FIGS. 5 and 6 depict catalyst diversion means in a cylindrical stripping zone. FIG. 6 is a top sectional view taken as shown by the sectional arrows in FIG. 5. In this case, the grid members are flat plates having a segment removed to permit downward flow of catalyst. The plates are placed at an angle greater than the angle of slide of the catalyst. Reference number 70 depicts the cylindrical shell of the stripper. Skirts 75 and 73 are attached to grid members 76 and 74. In this embodiment of the invention, the skirts are not curved, but are in the shape of a rectangle, as can be seen by the depiction of skirt 75 in FIG. 6. The dotted line of FIG. 6 depicts skirt 73. Stripping gas is supplied by pipeline 71 to distributor 72, from which it is distributed so that it will flow uniformly through ports in skirt 73 (not shown). In this embodiment of the invention, distributor 72 need not be in the form of a ring; it can be seen that a straight length of pipe will suffice. Gas passes through the catalyst adjacent to skirt 73, into the space 78 under grid 76, and then through the ports of skirt 75 (not shown). In a similar manner, gas passes through the rest of the stripper before entering a separation vessel similar to vessel 1 of FIG. 1.
FIGS. 7 and 8 depict another type of catalyst diversion means in a cylindrical vessel. Outer grid members, such as grid 57, are identical to the outer grid members depicted in FIGS. 1 and 2, such as outer grid 14. As in FIGS. 1 and 2, outer grid members of FIG. 7 extend 360° in a horizontal manner around stripper vessel 50. The skirts depicted in FIG. 7, such as skirt 58, are identical to the skirts depicted in FIGS. 1 and 2 which are attached to outer grids. Also, stripping gas is delivered to the stripper by pipeline 51 and distributed by distributor ring 52 in the same manner as in FIG. 2 (pipeline 3 and distributor 17). Central grid members, denoted by reference numbers 56 and 60, are disposed within stripper 50. Each central grid member is a hollow cone without a base and has a skirt, such as skirt 55, attached to its lowermost edge. Each skirt is a vertical hollow cylinder having a small height dimension. Legs (not shown) extending from each central grid member to an outer grid member provide support for the central grids. FIG. 8 depicts the cylindrical shell of stripper 50 and skirt 59. The dotted line of FIG. 8 depicts the location of skirt 58, which is attached to grid 57. Gas from distributor 52 flows through the ports (not shown) in skirt 53 and through the catalyst (not shown) adjacent to skirt 53 and grid 54 to the space underneath grid 56 which is denoted by reference number 61. Gas then flows through the ports (not shown) in skirt 55 up through catalyst (not shown) adjacent to skirt 55 and grid 56 and enters space underneath grid 57 denoted by reference number 63. From there, it flows through ports (not shown) in skirt 58 and into space 62 which is beneath grid 60 and bounded by skirt 59. Gas flows through the remainder of vessel 50 in a similar manner.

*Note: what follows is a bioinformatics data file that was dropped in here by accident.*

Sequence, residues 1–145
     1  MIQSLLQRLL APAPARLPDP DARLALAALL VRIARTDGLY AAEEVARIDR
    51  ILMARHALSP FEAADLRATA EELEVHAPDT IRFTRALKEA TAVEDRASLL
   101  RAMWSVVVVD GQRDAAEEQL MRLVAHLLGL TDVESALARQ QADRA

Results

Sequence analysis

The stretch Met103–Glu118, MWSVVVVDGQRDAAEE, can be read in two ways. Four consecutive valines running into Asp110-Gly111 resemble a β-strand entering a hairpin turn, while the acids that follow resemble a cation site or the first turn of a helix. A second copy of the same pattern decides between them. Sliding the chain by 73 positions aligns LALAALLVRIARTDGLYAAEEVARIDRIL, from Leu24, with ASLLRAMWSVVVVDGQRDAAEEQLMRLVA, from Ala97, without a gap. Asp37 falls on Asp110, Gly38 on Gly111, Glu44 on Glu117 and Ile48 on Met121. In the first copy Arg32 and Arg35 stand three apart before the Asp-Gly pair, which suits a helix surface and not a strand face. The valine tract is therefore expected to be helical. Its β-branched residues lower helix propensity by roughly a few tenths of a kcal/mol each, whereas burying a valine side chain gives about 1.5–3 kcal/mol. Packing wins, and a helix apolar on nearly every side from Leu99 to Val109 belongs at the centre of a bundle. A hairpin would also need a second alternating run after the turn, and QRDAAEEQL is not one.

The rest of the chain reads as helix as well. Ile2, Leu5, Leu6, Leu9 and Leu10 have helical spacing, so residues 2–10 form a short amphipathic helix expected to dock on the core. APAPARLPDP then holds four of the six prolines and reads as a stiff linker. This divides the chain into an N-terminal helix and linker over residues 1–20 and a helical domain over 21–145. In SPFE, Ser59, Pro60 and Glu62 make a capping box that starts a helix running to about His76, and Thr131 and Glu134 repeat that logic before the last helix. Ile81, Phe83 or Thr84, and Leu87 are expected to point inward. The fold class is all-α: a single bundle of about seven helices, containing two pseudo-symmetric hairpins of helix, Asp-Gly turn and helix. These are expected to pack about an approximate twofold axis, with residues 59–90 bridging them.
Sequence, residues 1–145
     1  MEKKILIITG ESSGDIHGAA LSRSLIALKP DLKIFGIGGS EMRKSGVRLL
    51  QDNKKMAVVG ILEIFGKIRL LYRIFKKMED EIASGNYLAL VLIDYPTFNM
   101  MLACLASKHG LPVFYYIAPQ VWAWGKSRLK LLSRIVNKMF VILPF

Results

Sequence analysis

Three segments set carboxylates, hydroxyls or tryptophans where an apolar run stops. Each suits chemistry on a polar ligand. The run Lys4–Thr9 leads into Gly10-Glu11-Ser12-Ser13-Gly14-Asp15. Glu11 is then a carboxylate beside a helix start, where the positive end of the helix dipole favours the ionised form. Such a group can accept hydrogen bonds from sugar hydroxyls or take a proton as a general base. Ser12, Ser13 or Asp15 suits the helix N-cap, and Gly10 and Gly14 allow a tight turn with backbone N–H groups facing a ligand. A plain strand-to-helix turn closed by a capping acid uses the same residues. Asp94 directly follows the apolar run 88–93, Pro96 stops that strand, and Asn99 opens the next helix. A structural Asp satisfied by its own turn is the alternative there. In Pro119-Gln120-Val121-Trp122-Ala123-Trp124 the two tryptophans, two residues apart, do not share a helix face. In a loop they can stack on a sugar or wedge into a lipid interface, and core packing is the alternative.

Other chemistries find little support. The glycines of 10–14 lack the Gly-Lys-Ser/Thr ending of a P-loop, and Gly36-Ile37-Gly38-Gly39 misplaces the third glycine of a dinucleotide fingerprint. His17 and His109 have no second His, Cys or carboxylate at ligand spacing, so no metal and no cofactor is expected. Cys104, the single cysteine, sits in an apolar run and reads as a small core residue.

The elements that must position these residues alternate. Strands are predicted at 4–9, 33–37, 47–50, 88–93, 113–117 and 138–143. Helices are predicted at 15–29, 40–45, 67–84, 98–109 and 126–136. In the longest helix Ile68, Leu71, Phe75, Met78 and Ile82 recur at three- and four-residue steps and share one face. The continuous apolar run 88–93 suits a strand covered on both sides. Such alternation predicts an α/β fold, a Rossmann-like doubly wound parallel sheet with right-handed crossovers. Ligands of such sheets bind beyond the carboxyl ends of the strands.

The height of a skirt and the number and size of the gas distribution ports contained therein are dependent upon a number of factors, such as the geometry of the stripper, rate of catalyst throughput, operating pressure, stripping gas flow rate, etc. Those skilled in the art are capable of determining the required rate of flow of stripping gas for a particular unit when the present invention is not practiced. This determination is based mainly on experience with stripping apparatus, since rigorous methods of calculation are not available.
The required rate of flow of stripping gas when the present invention is not practiced is the starting point for determining the parameters of the present invention. One-half of this flow is taken as the design flow rate and the ports are sized using this design rate. Those skilled in the arts of chemical engineering and hydrocarbon processing are capable of calculating pressure drops when gas is flowing through orifices and beds of particles. A trial arrangement and size, or sizes, of ports is selected. The total pressure drop across the stripper is then calculated. If this pressure drop is not satisfactory, different port characteristics are selected and the process is repeated. The skirt height is dependent primarily on the characteristics of the ports, but should be no less than 10 cm.